One Bryant Park – New York City, USA
This Bank of America Tower in Manhattan is one of the world’s greenest skyscrapers. It also holds a LEED Platinum certification and even has its own generation plant, producing 4.6 megawatts of clean and sustainable energy. Further green features include LED lighting, CO2 monitors and 60% recycled steel. One Bryant Park also surpassed its goal to recycle 75% of total construction waste, managing to reach an impressive 83%.
AECOM Tishman served as Construction Manager for this 55 storey building, which opened in 2004. The building’s design also includes floor to ceiling insulated glazing to contain heat, a rainwater reuse system and automatic dimmers to utilise natural light as much as possible.
Belgium’s largest solar roof
This impressive display of solar power can be found at ArcelorMittal’s flagship complex in Ghent. The steel and mining company installed no less than 27,000 solar panels on the roof, which have the ability to generate 10,000 MWh watts annually – enough to power 2,900 households. The firm aims to become carbon neutral by 2050 and they’ve also supplied steel for further solar projects across the globe, including in Dubai, California and Morocco.
The Tube – Tilburg, Netherlands
The official name of this structure is actually NewLogic III, but many simply call it ‘The Tube’ due to its shape. It was developed by DOKVAST, who designed a sustainable distribution centre for the company Rhenus Contract Logistics. The building scores a very impressive 99.4% in all sustainability categories and has features including triple glazed windows, a ground source heat system and automatically controlled LED lights.
The Tube is also fitted with 11,600 solar panels and has a building management system which monitors energy use, water consumption and CO2 concentrations. The building is even able to generate more electricity than it consumes, which means that the excess can be sent back to the grid.
Vertical farming – Worldwide
Also known as indoor farming, this process refers to growing plants in stacked buildings under controlled conditions. Instead of relying on solar light, vertical farming uses different waves of LED light that are tailored to the type of crop and growth stage. Vertical farms use stacked shelves of crops, making them highly versatile, and they can be housed in buildings, shipping containers, or even underground.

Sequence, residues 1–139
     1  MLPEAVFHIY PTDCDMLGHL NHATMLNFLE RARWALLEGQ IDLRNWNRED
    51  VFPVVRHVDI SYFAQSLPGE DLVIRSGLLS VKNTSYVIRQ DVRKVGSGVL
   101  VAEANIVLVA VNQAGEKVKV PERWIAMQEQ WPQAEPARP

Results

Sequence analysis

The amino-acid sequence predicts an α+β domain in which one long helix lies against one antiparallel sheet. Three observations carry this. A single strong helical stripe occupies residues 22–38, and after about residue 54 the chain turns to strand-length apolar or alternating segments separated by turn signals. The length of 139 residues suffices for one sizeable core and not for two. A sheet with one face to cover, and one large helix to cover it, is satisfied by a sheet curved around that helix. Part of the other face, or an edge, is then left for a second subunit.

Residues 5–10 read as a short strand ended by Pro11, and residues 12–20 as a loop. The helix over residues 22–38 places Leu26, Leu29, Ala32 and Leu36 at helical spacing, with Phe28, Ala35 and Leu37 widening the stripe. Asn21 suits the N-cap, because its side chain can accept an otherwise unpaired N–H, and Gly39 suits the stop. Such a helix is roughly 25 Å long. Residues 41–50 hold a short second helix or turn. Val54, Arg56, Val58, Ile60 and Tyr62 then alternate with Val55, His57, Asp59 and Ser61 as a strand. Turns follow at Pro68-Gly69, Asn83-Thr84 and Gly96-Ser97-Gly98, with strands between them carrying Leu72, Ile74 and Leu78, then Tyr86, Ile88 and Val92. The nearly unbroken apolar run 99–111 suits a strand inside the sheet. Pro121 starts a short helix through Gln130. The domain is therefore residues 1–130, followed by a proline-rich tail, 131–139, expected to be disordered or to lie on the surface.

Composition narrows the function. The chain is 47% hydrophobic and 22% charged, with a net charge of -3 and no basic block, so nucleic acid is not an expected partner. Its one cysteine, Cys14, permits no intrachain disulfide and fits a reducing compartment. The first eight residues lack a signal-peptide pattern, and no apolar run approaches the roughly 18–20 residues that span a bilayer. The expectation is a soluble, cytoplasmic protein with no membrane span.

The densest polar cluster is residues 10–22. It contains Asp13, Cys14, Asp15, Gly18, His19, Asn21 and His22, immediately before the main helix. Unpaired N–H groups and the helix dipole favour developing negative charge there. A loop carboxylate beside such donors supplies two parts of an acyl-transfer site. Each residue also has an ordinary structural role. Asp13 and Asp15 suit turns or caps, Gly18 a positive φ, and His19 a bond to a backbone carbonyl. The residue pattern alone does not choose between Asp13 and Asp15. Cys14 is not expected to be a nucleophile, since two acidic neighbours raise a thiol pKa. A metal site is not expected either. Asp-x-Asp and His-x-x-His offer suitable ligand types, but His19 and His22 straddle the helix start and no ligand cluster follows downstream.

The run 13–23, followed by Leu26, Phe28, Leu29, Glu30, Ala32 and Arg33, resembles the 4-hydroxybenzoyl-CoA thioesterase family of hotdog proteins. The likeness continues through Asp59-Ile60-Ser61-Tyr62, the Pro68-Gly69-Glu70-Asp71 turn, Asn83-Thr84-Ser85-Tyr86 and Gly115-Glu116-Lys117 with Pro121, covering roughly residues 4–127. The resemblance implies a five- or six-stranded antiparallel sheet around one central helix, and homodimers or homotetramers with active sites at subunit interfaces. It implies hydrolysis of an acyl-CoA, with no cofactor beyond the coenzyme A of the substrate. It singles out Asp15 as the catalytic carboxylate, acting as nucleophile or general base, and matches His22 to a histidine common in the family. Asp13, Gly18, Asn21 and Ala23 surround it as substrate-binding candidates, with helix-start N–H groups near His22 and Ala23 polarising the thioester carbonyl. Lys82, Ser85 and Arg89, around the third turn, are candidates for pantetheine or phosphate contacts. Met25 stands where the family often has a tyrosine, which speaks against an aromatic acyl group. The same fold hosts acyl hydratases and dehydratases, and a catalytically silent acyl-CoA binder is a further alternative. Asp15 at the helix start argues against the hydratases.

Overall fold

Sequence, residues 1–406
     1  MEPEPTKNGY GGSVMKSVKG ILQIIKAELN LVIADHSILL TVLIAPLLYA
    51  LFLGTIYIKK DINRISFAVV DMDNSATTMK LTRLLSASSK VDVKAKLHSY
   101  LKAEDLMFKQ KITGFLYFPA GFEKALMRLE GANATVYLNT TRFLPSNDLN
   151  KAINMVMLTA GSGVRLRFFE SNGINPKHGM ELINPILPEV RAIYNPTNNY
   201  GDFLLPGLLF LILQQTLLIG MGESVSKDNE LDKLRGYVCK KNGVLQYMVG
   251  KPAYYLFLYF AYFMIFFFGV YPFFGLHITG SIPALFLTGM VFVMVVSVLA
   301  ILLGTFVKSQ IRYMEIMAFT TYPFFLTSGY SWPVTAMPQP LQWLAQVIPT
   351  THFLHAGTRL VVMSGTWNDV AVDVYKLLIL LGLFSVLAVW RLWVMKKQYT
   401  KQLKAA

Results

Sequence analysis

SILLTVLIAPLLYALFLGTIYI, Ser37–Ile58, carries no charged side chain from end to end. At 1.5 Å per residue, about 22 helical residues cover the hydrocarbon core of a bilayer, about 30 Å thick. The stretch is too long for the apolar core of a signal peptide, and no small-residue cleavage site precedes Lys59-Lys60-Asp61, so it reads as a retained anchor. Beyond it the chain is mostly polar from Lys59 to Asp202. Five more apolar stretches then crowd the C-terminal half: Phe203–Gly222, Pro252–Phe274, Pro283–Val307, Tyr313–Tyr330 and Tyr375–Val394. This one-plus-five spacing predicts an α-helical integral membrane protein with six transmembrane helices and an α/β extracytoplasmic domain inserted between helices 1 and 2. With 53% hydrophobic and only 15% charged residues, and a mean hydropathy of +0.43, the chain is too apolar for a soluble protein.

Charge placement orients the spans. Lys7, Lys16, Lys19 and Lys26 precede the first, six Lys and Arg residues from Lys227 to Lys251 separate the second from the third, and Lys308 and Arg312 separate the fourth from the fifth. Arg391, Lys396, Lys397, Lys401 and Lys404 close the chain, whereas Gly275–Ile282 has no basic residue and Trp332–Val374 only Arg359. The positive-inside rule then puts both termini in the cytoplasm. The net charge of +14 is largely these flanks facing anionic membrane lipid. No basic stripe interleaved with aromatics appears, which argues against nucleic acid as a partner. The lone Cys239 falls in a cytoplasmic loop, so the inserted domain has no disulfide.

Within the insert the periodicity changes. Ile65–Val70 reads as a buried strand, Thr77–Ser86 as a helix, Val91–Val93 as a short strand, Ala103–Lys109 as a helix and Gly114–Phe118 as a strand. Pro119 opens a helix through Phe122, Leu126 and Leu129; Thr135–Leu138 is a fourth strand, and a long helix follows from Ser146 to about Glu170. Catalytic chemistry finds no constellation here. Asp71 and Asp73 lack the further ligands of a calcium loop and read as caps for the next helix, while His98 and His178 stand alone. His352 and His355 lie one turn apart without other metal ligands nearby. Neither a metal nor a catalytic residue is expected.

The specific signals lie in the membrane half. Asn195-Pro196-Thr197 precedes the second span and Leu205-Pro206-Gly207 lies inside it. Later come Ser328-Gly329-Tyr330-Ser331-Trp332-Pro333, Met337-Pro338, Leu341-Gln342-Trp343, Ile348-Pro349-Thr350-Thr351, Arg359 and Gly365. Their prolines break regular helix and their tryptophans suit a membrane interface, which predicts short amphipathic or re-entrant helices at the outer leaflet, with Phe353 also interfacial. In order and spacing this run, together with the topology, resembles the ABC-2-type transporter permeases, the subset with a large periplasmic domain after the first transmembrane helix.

Vertical farming helps to reduce some of the negative impacts of traditional farming, including pollution, loss of land and high water use. It also cuts down on the pollution caused by importing food from abroad and reduces the amount of food waste.
It’s a fast growing sector and vertical farming was worth £1.72 billion worldwide in 2018, and this number is only set to grow. There are already several lucrative vertical farming projects in the UK, including Growing Underground (where microgreens and salad leaves are grown beneath the streets of Clapham), and Shockingly Fresh, a company based in Edinburgh with plans to develop 40 sites across the UK.
Imperium Engineering – Structural and Civil Engineering Services in London, Kent and Beyond
If you’ve been thinking about using sustainable materials for your next building project, get in touch with the experts to help you get the most out of sustainable building. Here at Imperium Engineering, we’re proud to offer comprehensive building services, including building design consultants, scaffolding design, civil engineering, structural surveys , project management and more.
We can help you every step of the way, from an initial sustainable design to temporary works and structural engineering services. We’re based in London and Kent, but our building design consultants are able to serve clients across the south east and Essex too. For more information about how we could help your next green project come to life, give us a call today or visit our website .